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If you’ve been following healthcare news, you may have noticed the recent spike (and uproarious backlash) in EpiPen, a lifesaver for those who suffer from life-threatening anaphylactic shock.

Some people are so allergic to things like peanuts that they develop anaphylaxis, when the airways for breathing swell and close.  Possible allergies include but are not limited to peanuts, tree nuts (such as walnuts and pecans), shellfish, fish, cow’s milk, eggs, wheat and soy. Many affected are children, who rely on EpiPens in case of emergency. Between 1 and 2 percent of people have this condition, but there’s a simple hormonal treatment to counteract this allergic shock; Epinephrine ( or adrenaline). It’s a hormone naturally produced by the adrenal glands. In addition to making your heart beat faster, pupils to dilate, and blood vessels to constrict, it opens your airways. When it stimulates the heart it works to reduce hives and swelling that may occur around the face and lips thus saving peoples’ lives everyday.

In September 2016,  CEO Heather Bresch testified before a congressional committee last week saying Mylan’s profit was $100 for a two-pack of the injectors, despite a $608 list price. Since acquiring the rights to EpiPen in 2007, they have increasec prices 550%. Pens now sell for $608. What this means is people can’t get their medication. The situation is so dire that people on Youtube are showing ways to DIY the medication at home. This alternative “EpiPencil,” is the brainchild of Michael Laufer of DIY medicine collective Four Thieves Vinegar. It consists of an auto-injector (usually used by diabetics), a syringe (available isn ten-packs), a 22-gauge hypodermic needle, and the epinephrine (a prescription still necessary, but its generally inexpensive).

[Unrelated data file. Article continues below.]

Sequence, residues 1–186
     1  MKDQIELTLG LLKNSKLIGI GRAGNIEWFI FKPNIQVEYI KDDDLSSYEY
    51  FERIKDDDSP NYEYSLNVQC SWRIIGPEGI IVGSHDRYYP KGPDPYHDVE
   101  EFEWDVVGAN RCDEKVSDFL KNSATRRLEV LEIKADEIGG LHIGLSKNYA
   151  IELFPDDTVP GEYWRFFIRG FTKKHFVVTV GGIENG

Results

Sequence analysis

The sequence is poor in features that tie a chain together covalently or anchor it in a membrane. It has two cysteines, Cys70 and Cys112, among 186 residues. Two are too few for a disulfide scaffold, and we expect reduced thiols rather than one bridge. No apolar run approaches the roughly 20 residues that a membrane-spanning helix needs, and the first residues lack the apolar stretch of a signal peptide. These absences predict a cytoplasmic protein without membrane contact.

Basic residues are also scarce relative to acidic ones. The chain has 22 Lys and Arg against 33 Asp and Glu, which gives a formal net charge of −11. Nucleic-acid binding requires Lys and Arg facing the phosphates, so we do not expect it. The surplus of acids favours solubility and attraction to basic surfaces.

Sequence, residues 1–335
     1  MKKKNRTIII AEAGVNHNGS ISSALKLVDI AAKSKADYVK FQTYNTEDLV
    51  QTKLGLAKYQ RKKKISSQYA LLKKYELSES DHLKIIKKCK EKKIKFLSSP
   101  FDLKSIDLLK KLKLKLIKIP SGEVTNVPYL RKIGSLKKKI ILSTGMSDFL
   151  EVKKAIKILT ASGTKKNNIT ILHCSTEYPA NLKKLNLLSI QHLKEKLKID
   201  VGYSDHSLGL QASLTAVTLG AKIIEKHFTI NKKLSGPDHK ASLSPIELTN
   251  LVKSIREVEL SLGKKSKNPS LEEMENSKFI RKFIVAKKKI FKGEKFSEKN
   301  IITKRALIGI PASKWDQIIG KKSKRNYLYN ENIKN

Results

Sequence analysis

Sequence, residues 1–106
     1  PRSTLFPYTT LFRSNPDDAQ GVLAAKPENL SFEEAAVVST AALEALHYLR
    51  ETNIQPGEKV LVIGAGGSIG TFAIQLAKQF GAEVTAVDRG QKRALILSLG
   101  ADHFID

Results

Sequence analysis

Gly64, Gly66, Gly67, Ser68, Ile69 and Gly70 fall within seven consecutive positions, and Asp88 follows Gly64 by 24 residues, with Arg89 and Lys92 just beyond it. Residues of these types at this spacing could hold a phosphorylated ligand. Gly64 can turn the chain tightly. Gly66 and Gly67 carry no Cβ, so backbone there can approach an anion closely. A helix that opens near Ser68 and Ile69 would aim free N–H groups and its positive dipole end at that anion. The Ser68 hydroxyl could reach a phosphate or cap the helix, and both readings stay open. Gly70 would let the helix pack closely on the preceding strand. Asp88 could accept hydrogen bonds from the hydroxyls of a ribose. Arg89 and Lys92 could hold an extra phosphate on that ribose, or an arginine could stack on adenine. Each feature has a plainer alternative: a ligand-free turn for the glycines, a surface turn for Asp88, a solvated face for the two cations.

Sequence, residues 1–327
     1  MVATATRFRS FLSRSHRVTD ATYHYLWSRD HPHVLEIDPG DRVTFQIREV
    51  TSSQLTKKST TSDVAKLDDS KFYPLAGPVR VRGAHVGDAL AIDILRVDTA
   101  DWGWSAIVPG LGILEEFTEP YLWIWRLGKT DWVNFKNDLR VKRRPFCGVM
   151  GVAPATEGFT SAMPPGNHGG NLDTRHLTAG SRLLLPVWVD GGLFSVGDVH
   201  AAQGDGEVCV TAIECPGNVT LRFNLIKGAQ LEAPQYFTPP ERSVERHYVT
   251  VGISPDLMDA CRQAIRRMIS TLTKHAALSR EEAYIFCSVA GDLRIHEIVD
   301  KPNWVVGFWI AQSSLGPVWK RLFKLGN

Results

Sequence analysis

Nobody can force Mylan to lower its prices. But what consumers are doing with their angry articles and clever alternatives are showing that it is possible to provide affordable healthcare to those who need it. Their profit margin was an entire 60% higher than what they originally told Congress. Remember, this product saves lives. While the health care industry is a playing field for high profit margins in research and product, when it comes to life-saving drugs, significant increases in price like Mylan’s abuse of EpiPen prices translate as profiteering off a person’s life or death need.

 

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